Nato scheme to train Iraqi security forces is blocked

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France led a clutch of nations yesterday blocking Nato plans to train Iraqi security forces.

France led a clutch of nations yesterday blocking Nato plans to train Iraqi security forces.

The 26 Nato allies agreed last month in Istanbul to go ahead with a training programme, but the US and the French remain at odds over the interpretation of the accord. At issue is the extent of any Nato deployment inside Iraq.

Despite three meetings yesterday, ambassadors failed to clinch a deal, though there was optimism that a compromise can be found by the weekend.

At the Istanbul summit the French President, Jacques Chirac, said the alliance could offer support to individual nations which want to train Iraqi troops but that "a Nato presence in Iraq" was out of the question.

Germany and Belgium are also unenthusiastic about an alliance mission inside the country although they will not stand in the way of the majority.

The US has raised the temperature by pushing hard for an early decision and an ambitious programme of Nato involvement. "It is not just the French that have concerns," said one Nato official, "The US is taking a fairly hardline position."

Nato has already sent a fact-finding mission to Iraq, and the US wants a second one, due to leave shortly, to be allowed to begin some form of training. That is being resisted by Paris and Berlin, which argue that the mission should assess safety and decide on where and how the training should take place.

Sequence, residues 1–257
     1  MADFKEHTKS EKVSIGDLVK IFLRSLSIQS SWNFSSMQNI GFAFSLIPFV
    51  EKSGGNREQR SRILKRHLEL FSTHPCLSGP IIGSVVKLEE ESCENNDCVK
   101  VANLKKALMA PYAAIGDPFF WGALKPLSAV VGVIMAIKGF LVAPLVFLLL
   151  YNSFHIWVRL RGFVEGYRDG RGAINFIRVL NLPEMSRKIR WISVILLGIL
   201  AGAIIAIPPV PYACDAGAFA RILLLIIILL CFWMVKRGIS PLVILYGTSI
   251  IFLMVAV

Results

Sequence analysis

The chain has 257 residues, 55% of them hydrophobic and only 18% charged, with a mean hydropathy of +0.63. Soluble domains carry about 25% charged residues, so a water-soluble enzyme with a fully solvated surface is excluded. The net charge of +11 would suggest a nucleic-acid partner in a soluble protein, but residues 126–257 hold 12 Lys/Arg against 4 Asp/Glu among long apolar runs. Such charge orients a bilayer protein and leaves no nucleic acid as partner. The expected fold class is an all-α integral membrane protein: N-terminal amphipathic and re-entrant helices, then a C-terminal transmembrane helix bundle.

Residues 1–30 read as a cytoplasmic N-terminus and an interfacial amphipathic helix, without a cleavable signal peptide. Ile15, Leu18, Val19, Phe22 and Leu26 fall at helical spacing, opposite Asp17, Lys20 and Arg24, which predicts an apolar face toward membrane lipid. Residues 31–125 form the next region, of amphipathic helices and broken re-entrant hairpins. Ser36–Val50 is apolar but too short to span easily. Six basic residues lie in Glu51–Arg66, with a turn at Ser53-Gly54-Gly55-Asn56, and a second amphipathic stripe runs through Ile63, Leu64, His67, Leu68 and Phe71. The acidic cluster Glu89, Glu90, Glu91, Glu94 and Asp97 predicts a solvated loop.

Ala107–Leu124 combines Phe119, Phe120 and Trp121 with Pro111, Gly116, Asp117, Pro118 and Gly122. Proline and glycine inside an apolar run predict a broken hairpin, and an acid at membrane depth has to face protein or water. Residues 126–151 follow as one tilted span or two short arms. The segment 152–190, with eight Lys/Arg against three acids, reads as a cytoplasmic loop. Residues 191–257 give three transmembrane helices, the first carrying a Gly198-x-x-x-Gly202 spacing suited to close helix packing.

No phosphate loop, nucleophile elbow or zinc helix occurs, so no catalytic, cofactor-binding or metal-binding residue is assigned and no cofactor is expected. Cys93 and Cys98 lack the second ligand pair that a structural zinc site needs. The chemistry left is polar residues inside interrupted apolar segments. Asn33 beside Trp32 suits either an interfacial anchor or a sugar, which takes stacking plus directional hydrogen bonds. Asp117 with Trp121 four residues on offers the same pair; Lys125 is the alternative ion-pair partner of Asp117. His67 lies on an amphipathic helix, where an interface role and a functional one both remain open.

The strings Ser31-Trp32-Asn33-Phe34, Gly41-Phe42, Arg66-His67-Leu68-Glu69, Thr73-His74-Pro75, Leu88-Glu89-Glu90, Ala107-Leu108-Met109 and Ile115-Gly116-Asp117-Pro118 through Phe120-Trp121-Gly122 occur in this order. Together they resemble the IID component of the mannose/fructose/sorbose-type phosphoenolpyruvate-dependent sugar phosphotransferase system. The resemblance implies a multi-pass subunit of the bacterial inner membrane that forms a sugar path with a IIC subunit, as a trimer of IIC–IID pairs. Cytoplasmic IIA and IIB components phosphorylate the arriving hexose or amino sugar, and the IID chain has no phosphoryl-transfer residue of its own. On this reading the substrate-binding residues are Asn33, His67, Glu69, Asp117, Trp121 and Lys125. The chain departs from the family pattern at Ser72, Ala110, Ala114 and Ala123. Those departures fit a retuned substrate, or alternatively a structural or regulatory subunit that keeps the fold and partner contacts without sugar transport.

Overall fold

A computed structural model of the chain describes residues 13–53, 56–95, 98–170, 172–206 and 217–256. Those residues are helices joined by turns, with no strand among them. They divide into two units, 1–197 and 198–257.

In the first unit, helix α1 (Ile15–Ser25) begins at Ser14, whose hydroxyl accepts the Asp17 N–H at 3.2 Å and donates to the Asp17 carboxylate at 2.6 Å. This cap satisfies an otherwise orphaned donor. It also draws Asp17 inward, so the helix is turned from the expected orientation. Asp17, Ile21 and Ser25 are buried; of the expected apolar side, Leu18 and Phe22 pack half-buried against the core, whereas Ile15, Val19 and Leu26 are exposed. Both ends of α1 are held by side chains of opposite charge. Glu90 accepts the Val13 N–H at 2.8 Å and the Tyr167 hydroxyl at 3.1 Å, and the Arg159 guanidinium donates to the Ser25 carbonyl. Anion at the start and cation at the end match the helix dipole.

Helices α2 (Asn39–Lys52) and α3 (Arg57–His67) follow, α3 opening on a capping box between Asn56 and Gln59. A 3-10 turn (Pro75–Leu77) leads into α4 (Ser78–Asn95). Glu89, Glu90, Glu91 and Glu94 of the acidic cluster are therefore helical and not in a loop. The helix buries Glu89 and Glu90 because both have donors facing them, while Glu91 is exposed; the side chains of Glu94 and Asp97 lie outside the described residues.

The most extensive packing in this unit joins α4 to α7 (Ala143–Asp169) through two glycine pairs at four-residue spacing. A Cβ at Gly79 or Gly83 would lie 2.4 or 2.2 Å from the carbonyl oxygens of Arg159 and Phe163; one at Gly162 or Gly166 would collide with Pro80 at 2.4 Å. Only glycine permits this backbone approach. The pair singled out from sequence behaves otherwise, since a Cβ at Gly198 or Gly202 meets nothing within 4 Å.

France is also opposed to putting a Nato mission under the operational command of the US-led multinational force. "The French fear that the Americans will be able to transfer responsibilities to Nato because of this unique chain of command," said one Nato diplomat.

Meanwhile France is reluctant to make any show of international support for George Bush's Iraq policy before the Republican Party's pre-election convention at the end of August.

However the US is growing increasingly impatient with Paris, which it believes is trying to delay decisions and undermine the alliance. They accuse M. Chirac of reneging on a deal over training which was struck before the Istanbul summit.

Jaap de Hoop Scheffer, the Nato Secretary General, has called for a deal to be struck this week and said that training could take place "both inside and outside Iraq".